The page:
|Washington, D.C., March, 26, 2010 —“American Farmland Trust supports the Child Nutrition Act—because it represents opportunities to better serve children and farmers. But we must make sure that farmers have support for maintaining the health of farmland, which is a key ingredient in producing healthy food. We must do the right thing on both accounts, to find ways to have healthy kids and healthy farms,” said Jon Scholl, President of American Farmland Trust (AFT).
“The Senate Agriculture Committee has approved a proposal to reauthorize the Child Nutrition Act (CNA) with part of the funding being taken from the Environmental Quality Incentives Program (EQIP),” continued Scholl. “On the one hand this legislation is key to improving the availability of healthy foods in our nation’s schools through such initiatives as the Farm to School program. On the other hand, we must remember that we have no food without farmland, and we must do all that we can to insure that we steward the health of our nation’s farmland, too.”
Scholl noted the support of American Farmland Trust on two letters to the Senate Agriculture Committee this week, the first seeking support for $50 million in mandatory funding for the Farm to School Program, in an amendment sponsored by Sen. Patrick Leahy (D-VT). The program was first authorized in the 2004 Child Nutrition Act. “By investing in farm to school programs, Congress provides an opportunity to feed school children more healthfully by enhancing existing nutrition programs, while at the same time cultivating new markets for farmers and stimulating rural economies,” the letter says.
In the second letter, AFT and its allies note their “deep disappointment” over Chairwoman Lincoln’s (D-AR) proposal to cut the EQIP by over $2.8 billion over the next decade to provide funds for child nutrition school meal programs. It not only “would rob farmers, ranchers, and forest landowners of conservation and environmental stewardship assistance…but would take away well over $2 billion from the farm bill conservation baseline, or nearly half of the widely-lauded conservation increase in the 2008 Farm Bill. This cut clearly violates the carefully negotiated compromise that you supported in the 2008 Farm Bill.”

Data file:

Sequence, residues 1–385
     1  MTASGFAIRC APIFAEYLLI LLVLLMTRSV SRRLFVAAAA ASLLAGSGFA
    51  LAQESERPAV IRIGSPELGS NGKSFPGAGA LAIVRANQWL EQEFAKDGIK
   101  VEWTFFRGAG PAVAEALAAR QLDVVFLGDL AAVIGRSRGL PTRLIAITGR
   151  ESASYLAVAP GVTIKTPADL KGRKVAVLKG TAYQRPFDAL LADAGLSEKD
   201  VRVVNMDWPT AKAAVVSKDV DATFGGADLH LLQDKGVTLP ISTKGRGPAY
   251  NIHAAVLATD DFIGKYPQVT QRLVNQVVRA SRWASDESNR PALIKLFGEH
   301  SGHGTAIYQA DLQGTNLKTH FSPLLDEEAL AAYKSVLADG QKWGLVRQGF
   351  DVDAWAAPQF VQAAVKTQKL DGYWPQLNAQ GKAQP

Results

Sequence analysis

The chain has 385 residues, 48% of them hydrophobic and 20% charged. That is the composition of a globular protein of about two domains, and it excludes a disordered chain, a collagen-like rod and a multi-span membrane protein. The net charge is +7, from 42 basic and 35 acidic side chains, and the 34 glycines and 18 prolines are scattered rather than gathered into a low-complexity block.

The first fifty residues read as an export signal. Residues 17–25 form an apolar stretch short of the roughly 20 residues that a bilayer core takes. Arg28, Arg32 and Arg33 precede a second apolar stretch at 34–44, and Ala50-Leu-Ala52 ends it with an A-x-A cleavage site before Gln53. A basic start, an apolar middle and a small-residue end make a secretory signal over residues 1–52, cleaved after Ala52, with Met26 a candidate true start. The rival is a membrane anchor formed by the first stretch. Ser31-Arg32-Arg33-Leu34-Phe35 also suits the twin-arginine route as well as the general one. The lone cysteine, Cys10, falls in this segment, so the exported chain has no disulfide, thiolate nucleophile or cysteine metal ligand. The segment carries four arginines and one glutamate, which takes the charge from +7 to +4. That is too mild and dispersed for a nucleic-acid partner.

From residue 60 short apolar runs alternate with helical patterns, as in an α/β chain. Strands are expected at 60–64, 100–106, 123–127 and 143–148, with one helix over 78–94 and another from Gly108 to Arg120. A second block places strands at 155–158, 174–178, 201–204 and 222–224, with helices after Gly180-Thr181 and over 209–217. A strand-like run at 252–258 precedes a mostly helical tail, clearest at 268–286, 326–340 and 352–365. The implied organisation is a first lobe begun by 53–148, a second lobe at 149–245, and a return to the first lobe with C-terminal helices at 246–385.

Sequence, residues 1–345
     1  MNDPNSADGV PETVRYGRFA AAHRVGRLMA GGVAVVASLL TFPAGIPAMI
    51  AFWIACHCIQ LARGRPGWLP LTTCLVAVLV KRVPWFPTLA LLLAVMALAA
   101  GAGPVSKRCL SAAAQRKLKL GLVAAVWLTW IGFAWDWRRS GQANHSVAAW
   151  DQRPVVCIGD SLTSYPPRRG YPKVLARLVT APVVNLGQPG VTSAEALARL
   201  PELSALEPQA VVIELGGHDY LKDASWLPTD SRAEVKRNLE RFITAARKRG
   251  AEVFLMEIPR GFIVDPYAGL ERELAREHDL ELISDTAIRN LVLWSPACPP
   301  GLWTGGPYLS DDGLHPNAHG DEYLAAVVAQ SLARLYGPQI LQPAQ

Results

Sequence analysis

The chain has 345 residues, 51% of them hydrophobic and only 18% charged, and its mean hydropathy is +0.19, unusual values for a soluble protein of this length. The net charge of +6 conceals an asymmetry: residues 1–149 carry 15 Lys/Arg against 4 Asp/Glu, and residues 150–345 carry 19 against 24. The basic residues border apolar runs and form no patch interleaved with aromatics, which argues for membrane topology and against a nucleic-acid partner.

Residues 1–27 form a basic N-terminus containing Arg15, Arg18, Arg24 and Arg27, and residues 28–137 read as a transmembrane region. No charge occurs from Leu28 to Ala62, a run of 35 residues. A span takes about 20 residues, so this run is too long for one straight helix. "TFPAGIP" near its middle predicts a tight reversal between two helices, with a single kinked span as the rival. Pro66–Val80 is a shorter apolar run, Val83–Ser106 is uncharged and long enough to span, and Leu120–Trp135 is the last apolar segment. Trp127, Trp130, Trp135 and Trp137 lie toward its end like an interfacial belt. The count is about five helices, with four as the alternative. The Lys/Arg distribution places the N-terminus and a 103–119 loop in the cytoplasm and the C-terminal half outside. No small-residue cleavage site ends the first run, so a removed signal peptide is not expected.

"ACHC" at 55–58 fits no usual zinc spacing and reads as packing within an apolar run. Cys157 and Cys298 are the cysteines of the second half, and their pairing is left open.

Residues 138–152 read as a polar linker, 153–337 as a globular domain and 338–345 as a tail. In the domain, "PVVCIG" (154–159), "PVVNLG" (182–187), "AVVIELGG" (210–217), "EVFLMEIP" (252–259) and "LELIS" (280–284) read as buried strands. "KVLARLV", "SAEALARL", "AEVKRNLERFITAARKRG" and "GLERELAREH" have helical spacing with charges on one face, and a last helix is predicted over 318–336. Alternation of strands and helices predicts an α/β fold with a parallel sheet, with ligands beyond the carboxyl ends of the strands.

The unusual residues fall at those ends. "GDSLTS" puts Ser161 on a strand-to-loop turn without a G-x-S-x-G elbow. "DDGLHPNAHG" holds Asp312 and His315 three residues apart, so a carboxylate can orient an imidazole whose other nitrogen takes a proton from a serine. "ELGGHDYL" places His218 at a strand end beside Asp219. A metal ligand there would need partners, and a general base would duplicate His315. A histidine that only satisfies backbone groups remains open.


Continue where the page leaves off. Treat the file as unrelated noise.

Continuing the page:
The group notes that there are other sources of funding outside of farm bill conservation programs “that could be tapped to pay for these needs without taking away from the programs that support farmers and forest landowners in their efforts to provide conservation benefits in addition to food, forest products, and fiber. However, if Farm Bill resources are determined to be the only resort, then fairness demands that the conservation title should not bear the full burden of providing the solution.”
Copies of each letter:
Farm to School
American Farmland Trust is the nation's leading conservation organization dedicated to protecting farmland, promoting sound farming practices and keeping farmers on the land. Since its founding in 1980 by a group of farmers and citizens concerned about the rapid loss of farmland to development, AFT has helped save millions of acres of farmland from development and led the way for the adoption of conservation practices on millions more.
AFT's national office is located in Washington, DC. Phone: 202-331-7300. For more information, visit www.farmland.org.